Jean Nagai

Jean Nagai's paintings are interference patterns of bright hues that seem to move and vibrate. They are "uplifting and spiritual in the way that walking through the woods or smelling rain brings you back to your body," writes Jasmyn Keimig. It's similar to the visceral sense of embodiment I've always felt looking at Leaves (2002) by Gloria Tamerr Petyarre at the Seattle Art Museum. I asked Jean if he'd seen it and he responded "my mom loves that painting and I remember her telling me that I should make my paintings like Leaves." Like Leaves, there is motion and emotion in his work— a sense of intimacy, devotion, and accretion.

Avalon  , acrylic and pumice on canvas, 2018

Avalon, acrylic and pumice on canvas, 2018

Tone Police  , acrylic and pumice on canvas, 2018

Tone Police, acrylic and pumice on canvas, 2018

In Tone Police (2018) we see fields of bright violet, magenta, and coral obscured by a haze of white dots. The title works on a few levels— first, there's the verbal microagression, and second there's the art context of 'tone,' taken here to mean the whiting out or erasure of the colors below. It's a powerful metaphor that avoids being crass or obtuse. After working with correctional fluid in his paintings, Jean began to ask, "What does it mean to "White-Out" to correct a mistake?" Indeed, it’s a question worth asking considering the ubiquity of White-Out within bureaucratic institutions of power.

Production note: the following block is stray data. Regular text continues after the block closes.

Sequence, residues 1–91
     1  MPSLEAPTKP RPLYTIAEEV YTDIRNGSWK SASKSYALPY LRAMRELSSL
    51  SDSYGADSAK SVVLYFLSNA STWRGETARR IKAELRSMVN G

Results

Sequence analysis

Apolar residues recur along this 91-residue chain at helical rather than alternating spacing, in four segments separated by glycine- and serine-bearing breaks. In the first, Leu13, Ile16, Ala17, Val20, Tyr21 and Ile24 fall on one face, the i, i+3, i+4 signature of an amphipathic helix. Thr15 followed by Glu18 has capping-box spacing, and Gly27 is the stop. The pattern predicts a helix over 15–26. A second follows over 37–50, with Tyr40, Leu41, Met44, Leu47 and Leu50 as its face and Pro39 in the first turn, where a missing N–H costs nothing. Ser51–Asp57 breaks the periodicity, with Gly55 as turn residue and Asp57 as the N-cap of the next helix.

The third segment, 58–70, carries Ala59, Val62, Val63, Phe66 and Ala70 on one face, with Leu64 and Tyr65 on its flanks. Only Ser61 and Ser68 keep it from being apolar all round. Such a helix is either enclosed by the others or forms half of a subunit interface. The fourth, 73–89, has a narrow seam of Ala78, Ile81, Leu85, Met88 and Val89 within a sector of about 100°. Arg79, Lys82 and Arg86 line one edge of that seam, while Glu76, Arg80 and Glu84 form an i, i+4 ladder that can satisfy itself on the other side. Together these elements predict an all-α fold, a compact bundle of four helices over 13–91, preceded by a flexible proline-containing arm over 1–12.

1,000 Smiles  , acrylic and pumice on canvas, 2018

1,000 Smiles, acrylic and pumice on canvas, 2018

Ssssounds  , acrylic, pumice, and dye on canvas, 2019

Ssssounds, acrylic, pumice, and dye on canvas, 2019

Ssssounds (2019) consists of color fields from a nocturnal palette reminiscent of aurora borealis scenes. Across undulating blues and purples dance a symphony of white dots like flight patterns of starlings or swirling night skies. The piece is a testament to Gestalt in the way that we can perceive each dot as static but at some point along the way towards seeing them all, the whole thing begins to move.

Mushroom Head  , acrylic and pumice on canvas, 2018

Mushroom Head, acrylic and pumice on canvas, 2018

Three Sunrises  , acrylic, pumice, and bleach on canvas, 2018

Three Sunrises, acrylic, pumice, and bleach on canvas, 2018

Three Sunrises (2018) employs a desert-southwest-turned-neon color palette to depict three stacked sunrises. The colors are washy fields and the white dots on top are less choreographed, this time acting more like static or white noise. The three sunsets might be a time lapse, multiple perspectives, or even a good acid trip. It matters less what we see here than what we feel when we look. "Art is a language of emotional experience," Jean says. "There are many ways of seeing or sensing; it's not with just our eyes or brains, the five senses. It is too limiting to perceive reality and emotions in that way."

Follow Jean on Instagram @jean_nagai